Conflicts of Interest Questionnaires: Why Fund Managers Need Them, and What They Should Cover (Part One of Two)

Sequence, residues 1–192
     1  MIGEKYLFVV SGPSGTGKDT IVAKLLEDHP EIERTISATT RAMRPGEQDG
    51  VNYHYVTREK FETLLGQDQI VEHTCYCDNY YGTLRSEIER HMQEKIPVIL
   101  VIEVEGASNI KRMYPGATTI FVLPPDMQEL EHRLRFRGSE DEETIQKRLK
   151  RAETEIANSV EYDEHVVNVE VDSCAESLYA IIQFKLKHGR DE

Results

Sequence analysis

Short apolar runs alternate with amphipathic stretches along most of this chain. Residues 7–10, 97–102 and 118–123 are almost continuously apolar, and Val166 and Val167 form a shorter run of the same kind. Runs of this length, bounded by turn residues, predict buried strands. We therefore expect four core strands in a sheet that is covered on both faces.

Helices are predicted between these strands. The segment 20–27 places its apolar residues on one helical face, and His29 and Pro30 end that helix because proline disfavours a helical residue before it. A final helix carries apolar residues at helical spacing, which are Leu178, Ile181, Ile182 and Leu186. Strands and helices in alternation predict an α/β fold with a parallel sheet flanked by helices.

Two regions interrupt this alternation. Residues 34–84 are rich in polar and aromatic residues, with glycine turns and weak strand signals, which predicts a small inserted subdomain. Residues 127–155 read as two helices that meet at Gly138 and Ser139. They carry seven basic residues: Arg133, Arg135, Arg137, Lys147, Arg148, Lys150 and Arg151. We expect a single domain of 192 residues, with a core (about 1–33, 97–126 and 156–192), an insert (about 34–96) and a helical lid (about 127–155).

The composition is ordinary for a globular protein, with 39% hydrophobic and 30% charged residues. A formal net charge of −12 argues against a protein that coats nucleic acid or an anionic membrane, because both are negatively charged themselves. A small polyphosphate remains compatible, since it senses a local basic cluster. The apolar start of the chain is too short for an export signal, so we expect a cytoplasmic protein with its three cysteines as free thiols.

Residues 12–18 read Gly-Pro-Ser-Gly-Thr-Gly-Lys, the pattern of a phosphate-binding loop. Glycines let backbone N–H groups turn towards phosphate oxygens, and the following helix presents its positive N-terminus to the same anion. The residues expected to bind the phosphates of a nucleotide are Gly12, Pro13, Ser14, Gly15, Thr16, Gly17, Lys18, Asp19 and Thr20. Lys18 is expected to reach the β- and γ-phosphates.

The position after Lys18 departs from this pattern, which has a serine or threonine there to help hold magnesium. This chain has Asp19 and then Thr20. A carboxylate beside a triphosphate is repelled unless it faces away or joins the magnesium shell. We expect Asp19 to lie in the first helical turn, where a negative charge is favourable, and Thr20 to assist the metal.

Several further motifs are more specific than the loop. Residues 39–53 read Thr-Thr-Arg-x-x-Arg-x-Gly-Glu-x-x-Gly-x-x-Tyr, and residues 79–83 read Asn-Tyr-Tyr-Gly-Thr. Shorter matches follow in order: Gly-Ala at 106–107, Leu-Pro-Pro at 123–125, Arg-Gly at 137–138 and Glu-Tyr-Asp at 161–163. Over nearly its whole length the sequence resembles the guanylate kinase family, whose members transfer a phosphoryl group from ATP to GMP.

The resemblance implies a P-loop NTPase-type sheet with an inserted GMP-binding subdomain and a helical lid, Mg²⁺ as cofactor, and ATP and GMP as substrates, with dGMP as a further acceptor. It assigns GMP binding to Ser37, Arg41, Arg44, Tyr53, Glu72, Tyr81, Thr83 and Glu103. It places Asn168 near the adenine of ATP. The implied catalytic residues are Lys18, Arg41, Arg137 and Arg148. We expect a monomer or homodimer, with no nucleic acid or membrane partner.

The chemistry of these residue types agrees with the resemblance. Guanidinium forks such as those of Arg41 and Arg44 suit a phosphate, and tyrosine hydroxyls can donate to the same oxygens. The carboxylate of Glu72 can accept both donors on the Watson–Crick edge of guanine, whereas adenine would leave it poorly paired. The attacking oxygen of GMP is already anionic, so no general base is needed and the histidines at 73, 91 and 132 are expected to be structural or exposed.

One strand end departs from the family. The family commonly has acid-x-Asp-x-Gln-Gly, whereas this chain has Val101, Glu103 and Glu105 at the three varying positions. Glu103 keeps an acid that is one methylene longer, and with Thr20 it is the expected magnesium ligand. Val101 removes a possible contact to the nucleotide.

A conflict of interest occurs when an individual or a firm has an incentive to serve one interest at the expense of another interest or obligation. The source of these conflicts is often an investment adviser’s own employees. For example, if an employee’s close relative owns a company in which the adviser invests client funds, it could create a conflict of interest. Investment advisers owe a fiduciary duty to their clients that obligates them to either eliminate any conflicts of interest or mitigate and disclose them. To fulfill this duty, advisers must know about any existing or potential conflicts of interest created by employees’ outside business activities or relationships. Advisers can use conflicts of interest questionnaires to gather information from employees on common situations and relationships that may give rise to a conflict. This two-part series details the fundamentals of conflicts of interest questionnaires. This first article explains why investment advisers should use conflicts of interest questionnaires and describes the areas the questionnaires should cover. The second article will discuss how to use conflicts questionnaires, including who should be required to complete them, when they should be completed and how advisers should use the information gathered on these forms. See “Conflicts Remain an Overarching Concern for the SEC’s Asset Management Unit” (Mar. 12, 2015); and “Identifying and Addressing the Primary Conflicts of Interest in the Hedge Fund Management Business” (Jan. 17, 2013).

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